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Network Security Services

Information Services provides the security services listed to ensure the integrity and well-being of the information systems belonging to the University, to protect its reputation in the eyes of the world and to ensure adherence to the law and to the University’s and JANET’s acceptable use policies.

Monitoring and emergency response

Information Services provides the means to monitor unauthorised use of its own services supplied within the Central Services and of the client computer systems of the University.

Information Services provides a full incident response service during the staffed hours and acts in an emergency to counteract unauthorised or unacceptable use of its services or of the client computer systems of the University.

Internet Gateway

Information Services provides a variety of security systems for the University’s private network controlling the main ingress/egress point to external networks.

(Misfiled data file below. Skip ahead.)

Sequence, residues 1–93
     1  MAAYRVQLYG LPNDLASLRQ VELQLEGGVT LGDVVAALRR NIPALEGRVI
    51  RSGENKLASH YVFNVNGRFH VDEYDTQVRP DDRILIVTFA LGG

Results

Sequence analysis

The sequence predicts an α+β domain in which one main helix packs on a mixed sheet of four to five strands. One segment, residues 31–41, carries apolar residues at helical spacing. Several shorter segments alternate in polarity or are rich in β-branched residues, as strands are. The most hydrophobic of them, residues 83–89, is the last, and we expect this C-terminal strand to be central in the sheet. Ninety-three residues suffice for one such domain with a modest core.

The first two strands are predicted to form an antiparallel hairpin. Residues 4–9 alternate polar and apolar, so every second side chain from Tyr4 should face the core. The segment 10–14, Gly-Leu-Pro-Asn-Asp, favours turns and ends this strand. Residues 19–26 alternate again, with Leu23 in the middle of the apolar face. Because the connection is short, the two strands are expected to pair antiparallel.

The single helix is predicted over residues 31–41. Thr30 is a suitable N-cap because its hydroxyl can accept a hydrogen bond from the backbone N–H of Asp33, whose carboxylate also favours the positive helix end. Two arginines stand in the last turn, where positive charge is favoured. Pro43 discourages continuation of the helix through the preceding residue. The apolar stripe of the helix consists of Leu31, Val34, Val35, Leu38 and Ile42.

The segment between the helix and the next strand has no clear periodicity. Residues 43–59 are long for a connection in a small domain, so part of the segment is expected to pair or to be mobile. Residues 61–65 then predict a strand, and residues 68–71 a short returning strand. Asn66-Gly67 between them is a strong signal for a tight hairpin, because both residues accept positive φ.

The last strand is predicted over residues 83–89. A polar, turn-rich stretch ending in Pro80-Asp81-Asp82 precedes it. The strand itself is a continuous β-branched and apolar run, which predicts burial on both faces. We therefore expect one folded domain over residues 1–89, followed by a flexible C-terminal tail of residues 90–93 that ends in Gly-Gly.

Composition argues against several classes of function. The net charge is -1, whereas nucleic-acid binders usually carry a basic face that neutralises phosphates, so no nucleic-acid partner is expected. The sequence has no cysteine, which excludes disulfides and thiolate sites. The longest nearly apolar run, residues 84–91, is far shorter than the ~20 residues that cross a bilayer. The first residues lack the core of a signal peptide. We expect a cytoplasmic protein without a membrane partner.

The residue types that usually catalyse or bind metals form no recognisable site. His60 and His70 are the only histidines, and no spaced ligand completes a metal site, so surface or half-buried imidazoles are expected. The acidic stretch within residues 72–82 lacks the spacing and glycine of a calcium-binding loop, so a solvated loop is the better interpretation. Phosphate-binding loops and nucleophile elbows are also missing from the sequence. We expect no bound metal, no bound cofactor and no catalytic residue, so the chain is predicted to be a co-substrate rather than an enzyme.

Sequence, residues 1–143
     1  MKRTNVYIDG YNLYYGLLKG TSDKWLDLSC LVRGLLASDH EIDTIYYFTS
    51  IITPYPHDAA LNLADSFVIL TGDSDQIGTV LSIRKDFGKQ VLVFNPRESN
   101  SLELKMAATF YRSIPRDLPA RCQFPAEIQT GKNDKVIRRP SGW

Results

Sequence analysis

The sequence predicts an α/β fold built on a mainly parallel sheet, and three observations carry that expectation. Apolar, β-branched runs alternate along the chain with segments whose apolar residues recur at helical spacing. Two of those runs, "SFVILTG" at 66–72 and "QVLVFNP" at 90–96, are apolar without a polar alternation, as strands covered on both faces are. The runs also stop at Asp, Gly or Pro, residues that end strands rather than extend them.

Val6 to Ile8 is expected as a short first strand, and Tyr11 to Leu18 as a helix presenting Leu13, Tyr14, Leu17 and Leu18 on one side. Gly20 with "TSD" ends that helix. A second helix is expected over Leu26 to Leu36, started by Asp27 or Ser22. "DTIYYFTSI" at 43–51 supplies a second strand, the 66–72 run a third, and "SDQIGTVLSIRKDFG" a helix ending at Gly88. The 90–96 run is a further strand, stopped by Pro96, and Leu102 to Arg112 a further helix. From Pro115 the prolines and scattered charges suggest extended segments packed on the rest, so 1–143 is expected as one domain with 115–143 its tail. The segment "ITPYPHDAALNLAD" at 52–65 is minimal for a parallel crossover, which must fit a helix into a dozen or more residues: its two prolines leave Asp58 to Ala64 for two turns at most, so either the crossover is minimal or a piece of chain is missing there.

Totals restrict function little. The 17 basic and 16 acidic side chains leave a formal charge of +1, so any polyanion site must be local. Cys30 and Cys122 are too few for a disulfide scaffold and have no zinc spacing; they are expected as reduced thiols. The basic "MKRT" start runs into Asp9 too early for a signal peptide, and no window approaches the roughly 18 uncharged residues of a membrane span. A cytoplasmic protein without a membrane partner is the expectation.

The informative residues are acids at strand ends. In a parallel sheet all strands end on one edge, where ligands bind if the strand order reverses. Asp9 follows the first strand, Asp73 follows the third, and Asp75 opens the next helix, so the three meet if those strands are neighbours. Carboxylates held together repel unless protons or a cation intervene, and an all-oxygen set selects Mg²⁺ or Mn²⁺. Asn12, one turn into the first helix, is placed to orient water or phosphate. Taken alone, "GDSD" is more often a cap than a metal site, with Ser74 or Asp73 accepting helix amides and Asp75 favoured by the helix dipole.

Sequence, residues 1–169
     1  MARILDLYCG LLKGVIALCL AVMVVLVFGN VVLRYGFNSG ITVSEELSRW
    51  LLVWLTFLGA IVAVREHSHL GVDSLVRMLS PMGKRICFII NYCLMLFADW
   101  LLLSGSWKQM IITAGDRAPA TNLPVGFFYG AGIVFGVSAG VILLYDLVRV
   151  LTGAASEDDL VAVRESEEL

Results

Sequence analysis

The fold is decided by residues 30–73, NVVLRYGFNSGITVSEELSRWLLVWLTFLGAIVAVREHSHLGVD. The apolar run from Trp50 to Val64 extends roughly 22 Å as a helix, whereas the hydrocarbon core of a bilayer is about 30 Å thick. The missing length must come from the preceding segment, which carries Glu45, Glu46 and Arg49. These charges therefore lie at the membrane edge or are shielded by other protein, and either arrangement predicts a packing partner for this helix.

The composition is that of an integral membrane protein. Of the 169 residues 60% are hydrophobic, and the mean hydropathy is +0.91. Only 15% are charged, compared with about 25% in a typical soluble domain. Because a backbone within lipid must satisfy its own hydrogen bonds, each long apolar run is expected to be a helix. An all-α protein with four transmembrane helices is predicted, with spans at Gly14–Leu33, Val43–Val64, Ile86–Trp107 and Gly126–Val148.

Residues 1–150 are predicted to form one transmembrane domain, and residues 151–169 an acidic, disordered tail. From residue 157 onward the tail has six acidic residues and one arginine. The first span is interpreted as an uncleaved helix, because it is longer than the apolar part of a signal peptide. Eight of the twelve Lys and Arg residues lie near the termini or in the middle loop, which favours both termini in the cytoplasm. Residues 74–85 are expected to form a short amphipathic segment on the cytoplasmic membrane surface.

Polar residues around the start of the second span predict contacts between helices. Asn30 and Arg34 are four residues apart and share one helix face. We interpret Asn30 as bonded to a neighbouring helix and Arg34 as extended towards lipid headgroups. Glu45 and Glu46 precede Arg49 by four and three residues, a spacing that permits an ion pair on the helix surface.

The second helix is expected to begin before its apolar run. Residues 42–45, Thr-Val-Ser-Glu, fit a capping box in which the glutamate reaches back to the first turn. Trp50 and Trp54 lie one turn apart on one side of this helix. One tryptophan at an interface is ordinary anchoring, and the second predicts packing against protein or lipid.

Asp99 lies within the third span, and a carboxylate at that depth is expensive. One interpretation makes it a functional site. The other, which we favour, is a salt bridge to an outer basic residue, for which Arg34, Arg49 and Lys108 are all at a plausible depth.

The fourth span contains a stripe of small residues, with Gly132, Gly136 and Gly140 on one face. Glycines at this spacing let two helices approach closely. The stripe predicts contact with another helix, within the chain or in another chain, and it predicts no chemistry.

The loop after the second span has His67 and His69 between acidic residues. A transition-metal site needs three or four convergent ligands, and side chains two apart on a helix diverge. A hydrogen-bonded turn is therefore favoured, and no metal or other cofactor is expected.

The security systems provide the following functionality, as a minimum:

  • The capacity to inspect each IP service connection entering or leaving the University’s Private Network.
  • The capacity to control ingress and egress of such connections by means of a policy designed to meet the security needs of the University.

These security services help to protect the University’s activities from disruption by malicious computer use or software applications. Software that exploits known faults in computer operating systems to gain access to the target system through the network is often referred to as a “worm” and this type of software has severely impacted the operation of many computers on the Campus Network recently. Generally, worms locate vulnerable computers by attempting to connect to every possible Internet address in turn – an activity known as “scanning”. Our security systems render the vast majority of scanning activity ineffective and thereby ensure that vulnerable computers within our Private Network are not “infected” from the Internet.

The security systems also serve to protect the reputation of the University by ensuring that any malicious activity or software originating from within our Private Network cannot “attack” the computers of other organisations on the Global Internet. This protects the University from embarrassment, perhaps legal action and from the threat of disconnection by our Internet Service Provider, SuperJanet4, were a sustained and damaging attack to originate from within our Private Network.



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